This Sunday, our streamliner is small, electric-powered and not too fast.
The EF55 class consisted of three locomotives built in 1936 by Hitachi, Kawasaki, and Tōyō Electric in Japan. They had 2Co+Co1 wheel arrangement and were originally intended to haul limited express trains on the narrow gauge (1067mm,…Continue
Added by lord_k on September 9, 2012 at 6:30am — No Comments
This shot was taken more than two decades ago:
The trainsets don't look outdated even today. But they were built before WWII. In the 1930s the Italian state railways, Ferrovie dello Stato, electrified the main line Milan-Bologna-Florence-Rome-Naples and needed a fast train to use on it and on other newly-electrified lines. The ETR 200 project was…Continue
Added by lord_k on January 29, 2012 at 4:30pm — No Comments
No huge locos and mighty diesels today. Just some trams from Blackpool, Lancashire, UK.
Commissioned in 1933 by Walter Luff, the controller of the network, in a bid to modernise the tramway's fleet, the Balloons were intended to replace the Dreadnought cars that had been in service since the opening of the tramway. They were built by English Electric during 1934 and 1935,…Continue
Added by lord_k on October 30, 2011 at 2:30pm — No Comments
Internal combustion engine + electric motor. 111 years old.
Ferdinand Porsche built the first standard hybrid power unit in 1900 for k.u.k. Hofwagenfabrik Ludwig Lohner & Co., a firm of coachmakers in Vienna. His Lohner Porsche ‘Semper Vivus’ featured two combustion engines and an electric hub motor, and could store energy in a battery.…Continue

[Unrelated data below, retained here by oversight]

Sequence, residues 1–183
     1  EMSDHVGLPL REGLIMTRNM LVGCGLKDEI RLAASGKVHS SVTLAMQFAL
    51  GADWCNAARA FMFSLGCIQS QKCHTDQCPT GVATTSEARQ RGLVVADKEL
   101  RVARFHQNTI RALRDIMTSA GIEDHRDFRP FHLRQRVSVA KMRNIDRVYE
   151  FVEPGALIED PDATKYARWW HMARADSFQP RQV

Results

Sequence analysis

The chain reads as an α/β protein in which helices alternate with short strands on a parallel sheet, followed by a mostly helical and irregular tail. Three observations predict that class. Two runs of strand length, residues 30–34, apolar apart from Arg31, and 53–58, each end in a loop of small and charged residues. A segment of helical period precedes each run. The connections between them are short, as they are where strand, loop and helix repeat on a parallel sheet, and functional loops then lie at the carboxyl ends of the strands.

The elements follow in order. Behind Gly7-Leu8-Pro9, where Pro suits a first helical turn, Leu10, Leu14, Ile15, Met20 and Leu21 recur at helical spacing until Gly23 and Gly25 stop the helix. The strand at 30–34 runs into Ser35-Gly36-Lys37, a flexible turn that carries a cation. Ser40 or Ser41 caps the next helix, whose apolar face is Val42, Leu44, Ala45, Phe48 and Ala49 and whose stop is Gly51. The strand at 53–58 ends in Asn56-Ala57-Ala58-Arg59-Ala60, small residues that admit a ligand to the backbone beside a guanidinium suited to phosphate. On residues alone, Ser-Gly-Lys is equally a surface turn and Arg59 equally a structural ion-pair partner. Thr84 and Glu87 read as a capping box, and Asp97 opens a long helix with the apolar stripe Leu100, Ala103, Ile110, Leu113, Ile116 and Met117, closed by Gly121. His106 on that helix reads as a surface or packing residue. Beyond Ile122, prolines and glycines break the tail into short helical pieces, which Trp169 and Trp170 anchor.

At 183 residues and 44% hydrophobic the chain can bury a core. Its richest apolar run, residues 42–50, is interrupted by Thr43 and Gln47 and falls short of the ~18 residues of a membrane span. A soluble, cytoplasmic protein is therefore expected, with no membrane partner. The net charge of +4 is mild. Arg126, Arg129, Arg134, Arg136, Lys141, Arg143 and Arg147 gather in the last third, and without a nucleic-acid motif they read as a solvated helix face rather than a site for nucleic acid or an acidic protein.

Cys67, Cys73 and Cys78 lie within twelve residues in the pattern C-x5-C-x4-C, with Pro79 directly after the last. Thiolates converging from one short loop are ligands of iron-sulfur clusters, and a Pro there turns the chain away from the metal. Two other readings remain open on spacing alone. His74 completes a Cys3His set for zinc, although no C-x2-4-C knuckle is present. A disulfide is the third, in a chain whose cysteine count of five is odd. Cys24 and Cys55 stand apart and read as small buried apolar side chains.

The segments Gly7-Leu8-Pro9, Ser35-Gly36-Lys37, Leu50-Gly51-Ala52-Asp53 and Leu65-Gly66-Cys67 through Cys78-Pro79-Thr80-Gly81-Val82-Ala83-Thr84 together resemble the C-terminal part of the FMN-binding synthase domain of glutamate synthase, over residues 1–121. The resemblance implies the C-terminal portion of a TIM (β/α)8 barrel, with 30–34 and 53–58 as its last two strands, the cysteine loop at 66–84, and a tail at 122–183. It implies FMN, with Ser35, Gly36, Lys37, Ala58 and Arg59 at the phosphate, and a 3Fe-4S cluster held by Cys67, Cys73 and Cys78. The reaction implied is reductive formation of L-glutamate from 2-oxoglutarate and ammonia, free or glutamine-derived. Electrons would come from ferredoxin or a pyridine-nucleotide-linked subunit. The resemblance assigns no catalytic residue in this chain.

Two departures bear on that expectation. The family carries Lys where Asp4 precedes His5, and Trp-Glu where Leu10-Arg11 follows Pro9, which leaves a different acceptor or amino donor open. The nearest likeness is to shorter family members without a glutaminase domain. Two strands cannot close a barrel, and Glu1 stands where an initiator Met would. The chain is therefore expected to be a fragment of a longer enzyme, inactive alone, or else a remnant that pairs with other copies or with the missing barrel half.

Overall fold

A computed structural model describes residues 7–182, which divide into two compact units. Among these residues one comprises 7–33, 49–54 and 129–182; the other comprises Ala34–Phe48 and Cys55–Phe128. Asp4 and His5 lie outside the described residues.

Light, articulated and fast, they looked fantastic, straight from the brave new world.
Tom aka Railfan 45 recalls his childhood impression of an Electroliner: "I remeber this trainset as a very young boy of about 3 or 4 years old. I thought it was a rocketship. I was in the loop waiting for an L with my parents when it…Continue
Today, something modern for a change.
Modern, but not too hot, rather lukewarm - last year's news. I wonder why our German friends (and we've got some!) didn't bother to tell us about this loco when it was hot. Well, it's better later than never.Continue
Ironically, they were much more important than steam locos and diesel units. As a matter of fact, the Deutsche Reichsbahn Gesellschaft (German State Railroad Company) preferred electric motive power more and more for express passenger service. In 1937, 2 each…Continue
Added by lord_k on January 9, 2011 at 7:00am — No Comments
For any dedicated museum-crawler, the capital of Austria is a true paradise.
Art museums of any kind you like, Military Museum, Technical Museum, world's only Globes Museum... and the Tramway Museum in an old brownstone shed, just five minutes walk from Schlachthausgasse subway station.
In the courtyard there are historic tramcars ready for a sightseeing tour:…
The PRR GG1 is a class of electric locomotives that was built for the Pennsylvania Railroad for use in the northeastern United States.
The GG1 was designed by the Pennsylvania Railroad based on the need for a locomotive that could pull more than 12 to 14 passenger cars. The railroad thought it had designed the perfect electric passenger locomotive, the P-5a (shown below), but as the P-5a…Continue
Added by lord_k on October 31, 2010 at 6:30am — No Comments
In 1930s, the Swiss Federal Railroad (SBB) decided to build the most unusual "flagship" - high-speed electric motor twin carriage. In 1938, two carriages of the SBB CLe 2/4 class (dubbed Roter Pfeil in German, i. e. "Red Arrow", also known as Fleche de Jura, i. e. "Jurassic Arrow") were rebuilt into…Continue
Once upon a time, the internal combustion engine had a powerful rival - the electricity. Since 1865, electric-powered vehicles were designed and built in Europe and America.
An electric car in the conventional sense, Wiki tells us, was not developed until 1890 or 1891, by William Morrison of Des Moines, Iowa; the vehicle was a…Continue